Jean Rochefort as Marc the reclusive sculptor, entering his stone shack studio.

Ryan Gilbey is the New Statesman's film critic. He is also the author of It Don't Worry Me (Faber), about 1970s US cinema, and a study of Groundhog Day in the "Modern Classics" series (BFI Publishing). He was named reviewer of the year in the 2007 Press Gazette awards.

This article first appeared in the 16 September 2013 issue of the New Statesman, Syria: The deadly stalemate

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Young and Promising is the next best new TV comedy about “struggling millennials”

It’s Norwegian, subtitled, gently funny and very honest.

You know things are bleak when every mainstream comedy derives its humour from just how fucked up it is to be young today. Girls, Broad City, Search Party, Insecure, Fleabag, Love, This Country, You’re The Worst... the list of on-screen women in their 20s “just doing their best to figure it all out” is endless.

Over on Channel 4 tonight, a new overgrown child of the genre debuts, albeit one with a slight difference. Young and Promising (or Unge Lovende) makes its way to mainstream UK TV from Norway’s NRK (the channel that brought us Skam, the best teen drama of the decade) as part of All 4’s Walter Presents programme, which offers a chance to experience shows from around the globe. It’s Norwegian, subtitled, gently funny and very honest.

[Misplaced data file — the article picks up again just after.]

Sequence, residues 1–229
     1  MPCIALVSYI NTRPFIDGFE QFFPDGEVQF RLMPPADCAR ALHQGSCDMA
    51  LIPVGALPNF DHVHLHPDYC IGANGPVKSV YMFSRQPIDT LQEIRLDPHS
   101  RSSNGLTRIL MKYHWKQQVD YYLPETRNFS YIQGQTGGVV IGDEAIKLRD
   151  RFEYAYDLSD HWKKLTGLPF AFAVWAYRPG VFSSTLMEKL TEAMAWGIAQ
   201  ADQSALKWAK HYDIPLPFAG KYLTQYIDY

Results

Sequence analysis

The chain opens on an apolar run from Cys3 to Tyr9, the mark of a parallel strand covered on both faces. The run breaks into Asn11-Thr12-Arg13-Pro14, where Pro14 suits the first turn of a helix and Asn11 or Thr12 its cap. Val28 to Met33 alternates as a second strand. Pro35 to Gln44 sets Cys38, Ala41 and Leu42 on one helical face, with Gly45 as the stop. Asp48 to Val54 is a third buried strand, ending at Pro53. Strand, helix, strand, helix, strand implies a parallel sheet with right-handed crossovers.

Young and Promising is written by its lead actress, Siri Seljeseth, who plays Elise, an aspiring comedian based in LA who returns home to Oslo to renew her tourist visa. The show also follows her two best friends (played by Seljeseth’s real friends from the Nordic Institute of Stage and Studio): Nenne (Gine Cornelia Pedersen), a waitress and unpublished fiction writer, and Alex (Alexandra Gjerpen), who is at the crucial stages of auditions for the Norwegian National Academy of Theatre for the fourth year in a row. 

It’s Elise whom we see the most of in tonight’s opening double-bill, which follows her from LA to the US Embassy in Oslo as she tries to get back to California. In Norway, it watches her struggle to handle a relationship she had left hanging, with her ruggedly handsome best friend Anders, whom she slept with the night before she first left for LA. It’s her home life, however, that’s most intriguing: her domineering father has cheated on her nervous, psychoanalytic mother and is having a baby with another woman. Who? “I don’t think that is relevant in this situation,” he insists. “This won’t affect you in a greater extent.” 

Meanwhile, Nenne is rejecting male publishers who fetishise her work as a new cool feminist voice. She uses her waitressing job to her advantage, assisting a senior publisher suffering from alcohol-induced vomiting and diarrhea in order to call in a favour later. But it’s Alex who has the stand out plotline, with some of the most complex and moving scenes of the show. She is simultaneously the most ambitious and most disillusioned character, played at breaking point by Gjerpen. When, in a key audition, her male scene partner suddenly forces his hand between her thighs, she snaps, and spends the rest of the episode lurching between hot tears of guilt over losing the scene, and painful conversations with peers about “being in character”.

Young and Promising has drawn countless comparisons to Girls, as any new show about mid-20s creative women does, but it’s friendlier, less cinematic and more down to earth than much of that series. The laughs don’t hit as hard, but its lead characters are fundamentally much more likeable. If you’re a struggling millennial comedy addict, or searching for something to fill the Norwegian hole Skam left in your life, Young and Promising is for you.

Anna Leszkiewicz is a pop culture writer at the New Statesman.